It took many drafts (20?) to unravel the brilliant tapestry George Ryga wove in and around the story in his play, to what I arrived at. However the story of the play is the story of the opera. (I had a friend who I gave the libretto to, and she said “it’s exactly like the play!”) A word too about Ryga’s language. It is a combination of brilliant play-writing and poetry. Every word counts, and the relationships between each word in each line counts, and the exact rhythm of each sentence has its own coherence. So you have to approach each line in terms of changing it (cutting, moving, making shorter, inserting) with great care to ensure the inherent power in the play and its language is not diminished. His biography speaks of his talent as a poet but also his high powered TV script writer career which he gave up to write plays, poetry and novels.

Please put Ecstasy of Rita Joe in context vis a vis operatic prototypes of the 21st century. How radical or conservative is this opera?

Hm….. In terms of contemporary operatic musical language it is conservative I guess. It’s not serial, minimalist, or any of the isms. Is La Boheme conservative or radical? I guess Rita Joe is radical in the sense it is meant to be immediately impactful and entirely popular and direct. It is full of melodies as I say above but also very eclectic. “To let the punishment fit the crime, the punishment fit the….” I can’t actually name something that it is like. Maybe Dead Man Walking, West Side Story, Peter Grimes?? (these are all from the 20th century!?) ( A 21st century opera that I have liked was Written On Skin (which I learned means parchment) because of the simplicity and directness of the vocal lines, placed in front of a vast rich harmonic tapestry of a huge and largely subdued orchestra.)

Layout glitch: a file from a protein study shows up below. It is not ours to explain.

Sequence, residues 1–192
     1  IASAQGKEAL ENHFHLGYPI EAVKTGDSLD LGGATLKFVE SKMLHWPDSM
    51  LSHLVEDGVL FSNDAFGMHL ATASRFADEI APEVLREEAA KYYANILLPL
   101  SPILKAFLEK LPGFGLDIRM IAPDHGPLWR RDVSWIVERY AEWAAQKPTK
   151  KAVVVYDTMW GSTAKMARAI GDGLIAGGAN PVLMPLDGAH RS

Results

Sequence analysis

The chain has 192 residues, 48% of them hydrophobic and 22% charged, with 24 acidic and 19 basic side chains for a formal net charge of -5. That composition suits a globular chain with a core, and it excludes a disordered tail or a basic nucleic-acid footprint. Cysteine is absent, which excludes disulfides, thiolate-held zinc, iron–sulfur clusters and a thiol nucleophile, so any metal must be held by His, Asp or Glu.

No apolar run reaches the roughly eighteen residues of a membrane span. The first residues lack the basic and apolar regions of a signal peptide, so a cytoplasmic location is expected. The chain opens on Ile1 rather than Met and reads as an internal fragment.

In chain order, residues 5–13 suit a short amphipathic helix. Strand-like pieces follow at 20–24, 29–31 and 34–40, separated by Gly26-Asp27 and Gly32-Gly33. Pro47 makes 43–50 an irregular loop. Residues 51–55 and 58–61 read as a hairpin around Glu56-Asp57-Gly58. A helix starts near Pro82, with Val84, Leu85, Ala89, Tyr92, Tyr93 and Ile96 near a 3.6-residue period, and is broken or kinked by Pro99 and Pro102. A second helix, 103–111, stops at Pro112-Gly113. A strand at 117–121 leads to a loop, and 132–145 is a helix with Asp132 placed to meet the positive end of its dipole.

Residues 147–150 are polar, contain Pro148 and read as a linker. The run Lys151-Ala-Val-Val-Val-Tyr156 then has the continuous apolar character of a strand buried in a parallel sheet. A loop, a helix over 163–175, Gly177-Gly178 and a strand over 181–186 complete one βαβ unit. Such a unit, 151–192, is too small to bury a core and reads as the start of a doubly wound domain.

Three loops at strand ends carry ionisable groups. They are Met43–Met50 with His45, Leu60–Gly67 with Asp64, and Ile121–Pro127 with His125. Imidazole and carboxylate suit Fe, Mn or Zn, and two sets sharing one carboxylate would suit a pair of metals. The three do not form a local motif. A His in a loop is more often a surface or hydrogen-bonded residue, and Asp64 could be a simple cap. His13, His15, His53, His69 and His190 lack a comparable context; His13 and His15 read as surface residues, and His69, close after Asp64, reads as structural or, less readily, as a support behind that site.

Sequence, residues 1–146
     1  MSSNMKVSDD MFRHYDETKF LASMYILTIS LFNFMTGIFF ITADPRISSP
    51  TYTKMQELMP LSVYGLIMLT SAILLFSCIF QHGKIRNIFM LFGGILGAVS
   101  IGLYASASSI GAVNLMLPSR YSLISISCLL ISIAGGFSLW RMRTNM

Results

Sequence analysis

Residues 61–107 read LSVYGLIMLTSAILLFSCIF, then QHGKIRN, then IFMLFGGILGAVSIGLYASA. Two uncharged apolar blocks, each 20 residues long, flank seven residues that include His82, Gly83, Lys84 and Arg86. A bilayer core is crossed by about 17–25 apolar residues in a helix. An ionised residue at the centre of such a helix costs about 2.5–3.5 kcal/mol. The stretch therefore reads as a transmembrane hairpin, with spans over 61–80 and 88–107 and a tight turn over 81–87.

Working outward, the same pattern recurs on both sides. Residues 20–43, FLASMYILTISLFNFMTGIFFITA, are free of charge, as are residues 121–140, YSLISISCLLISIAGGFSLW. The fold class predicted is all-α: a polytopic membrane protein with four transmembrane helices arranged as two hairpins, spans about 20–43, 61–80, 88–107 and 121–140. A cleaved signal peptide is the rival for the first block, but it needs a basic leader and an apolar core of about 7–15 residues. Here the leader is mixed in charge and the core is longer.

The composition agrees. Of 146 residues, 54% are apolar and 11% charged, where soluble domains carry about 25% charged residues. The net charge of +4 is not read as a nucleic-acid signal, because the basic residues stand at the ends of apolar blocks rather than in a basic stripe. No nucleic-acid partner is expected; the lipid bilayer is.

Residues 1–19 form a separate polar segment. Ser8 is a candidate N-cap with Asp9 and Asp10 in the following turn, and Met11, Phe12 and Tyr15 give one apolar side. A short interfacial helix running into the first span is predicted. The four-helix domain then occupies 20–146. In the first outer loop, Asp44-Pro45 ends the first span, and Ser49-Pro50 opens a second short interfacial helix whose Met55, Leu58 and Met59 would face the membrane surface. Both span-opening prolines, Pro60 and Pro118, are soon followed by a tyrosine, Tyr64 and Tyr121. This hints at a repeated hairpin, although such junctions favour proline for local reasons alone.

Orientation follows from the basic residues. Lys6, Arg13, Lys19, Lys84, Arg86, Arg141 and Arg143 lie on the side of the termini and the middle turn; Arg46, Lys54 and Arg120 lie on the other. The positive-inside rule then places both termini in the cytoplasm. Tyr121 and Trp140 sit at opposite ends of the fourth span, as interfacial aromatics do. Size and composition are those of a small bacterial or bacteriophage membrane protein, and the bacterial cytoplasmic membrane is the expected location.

Please speak about the issue with portraying Indigenous characters, both as far as the appropriation of their cultural images and their music.

There is no Indigenous music, language, or traditional Indigenous story in the opera, thus there is no appropriation of this kind.